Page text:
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Originally published Friday, April 10, 2009 at 12:00 AM

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Qwest Field could play host to a World Cup match

Qwest Field will be considered as a venue for World Cup matches, now that a committee is putting together a bid to bring the major world soccer tournament to the U.S.

Seattle Times staff reporter

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Seattle and Qwest Field will get consideration as a site and venue for World Cup matches, a leading official involved in the U.S. bid for the 2018 or 2022 World Cup said Thursday.

Sunil Gulati, president of the U.S. Soccer Federation, said Qwest Field's artificial surface shouldn't hinder its chances to be one of perhaps nine to 12 stadiums — out of 70 in 50 U.S. markets — that will be on the final list when the USA Bid Committee submits it next year.

"We have a number of venues with artificial surfaces," Gulati said in a conference call. "I'm 100 percent sure one will be on the final list. The artificial surface does not preclude us from playing in Seattle."

The USA Bid Committee mailed letters last week to public officials and stadium operators in metropolitan markets across the nation in a first step toward preparing a formal bid to play host to the World Cup, the pinnacle of international soccer competition, in 2018 or 2022. Qwest Field and Husky Stadium were two of the 70 stadiums named, yet Qwest, with its history of hosting international soccer friendlies before big crowds and the success of Sounders FC both on the field and in attendance figures, stands out as the most viable in this market.

"The fans here, over the years, have proven that this is a knowledgeable and passionate soccer market," Sounders FC general manager Adrian Hanauer said. "The stadium is phenomenal, and I have no reason to believe that this wouldn't be one of the top venues for a World Cup in the United States."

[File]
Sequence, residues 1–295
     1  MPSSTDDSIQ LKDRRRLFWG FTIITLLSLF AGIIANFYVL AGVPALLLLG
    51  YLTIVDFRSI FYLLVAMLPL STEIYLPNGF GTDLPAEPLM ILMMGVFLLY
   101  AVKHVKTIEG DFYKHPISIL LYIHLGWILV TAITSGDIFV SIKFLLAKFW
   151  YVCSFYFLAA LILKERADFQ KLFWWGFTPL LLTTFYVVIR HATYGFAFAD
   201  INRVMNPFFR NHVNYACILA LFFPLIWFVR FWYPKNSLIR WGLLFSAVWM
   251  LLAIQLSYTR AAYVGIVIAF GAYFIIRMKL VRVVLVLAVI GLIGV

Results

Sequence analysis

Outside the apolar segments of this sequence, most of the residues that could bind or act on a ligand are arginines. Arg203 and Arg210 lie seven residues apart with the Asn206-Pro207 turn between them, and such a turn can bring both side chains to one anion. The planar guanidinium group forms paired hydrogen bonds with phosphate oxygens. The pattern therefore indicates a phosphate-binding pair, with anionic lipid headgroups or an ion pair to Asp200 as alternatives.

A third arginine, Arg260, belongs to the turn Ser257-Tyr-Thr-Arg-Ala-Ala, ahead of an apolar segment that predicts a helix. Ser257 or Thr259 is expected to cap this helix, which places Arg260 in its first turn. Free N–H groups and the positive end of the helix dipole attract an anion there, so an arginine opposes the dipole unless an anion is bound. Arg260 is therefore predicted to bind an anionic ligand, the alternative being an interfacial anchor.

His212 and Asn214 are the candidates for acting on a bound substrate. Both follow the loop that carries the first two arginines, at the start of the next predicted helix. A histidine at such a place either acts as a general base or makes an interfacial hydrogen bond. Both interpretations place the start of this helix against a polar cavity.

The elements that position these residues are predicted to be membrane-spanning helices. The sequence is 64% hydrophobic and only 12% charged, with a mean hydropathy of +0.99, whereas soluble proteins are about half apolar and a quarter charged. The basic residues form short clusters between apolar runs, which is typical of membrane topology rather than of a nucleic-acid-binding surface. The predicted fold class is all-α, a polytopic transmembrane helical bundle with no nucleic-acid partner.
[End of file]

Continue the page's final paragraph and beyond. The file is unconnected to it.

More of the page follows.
Gulati said Seattle's history of support for the sport, Qwest Field as a world-class facility, strong support for soccer from civic leaders and the Sounders FC ownership group make Seattle a good candidate.

The stadium's capacity won't affect its chances, as 67,000 seats are more than other venues around the world where World Cup games have been played. Only the tournament opener and the championship game must be played in a stadium that holds a minimum of 80,000, according to guidelines from FIFA, soccer's world governing body.

The U.S. bid figures to be a strong one, with so many stadiums that meet FIFA requirements.

"Even before our [Sounders FC] success here, Seattle was already on the radar as a great soccer market and Qwest as a great soccer stadium," Hanauer said.

The next two World Cups are next year in South Africa and in 2014 in Brazil.

Notes

• Sounders FC coach Sigi Schmid indicated Thursday that F Fredy Montero, who missed last week's game, and M Freddie Ljungberg, who replaced Montero at forward, will be in the starting lineup Saturday when Seattle hosts the Kansas City Wizards. Schmid wouldn't say who will come out of the starting 11, but it figures to be a midfielder.

• The first five Sounders FC home games have been or will be sold out after two more games, San Jose on April 25 and the Los Angeles Galaxy on May 10, were declared sellouts Thursday.

José Miguel Romero: 206-464-2409 or jromero@seattletimes.com

Copyright © 2009 The Seattle Times Company

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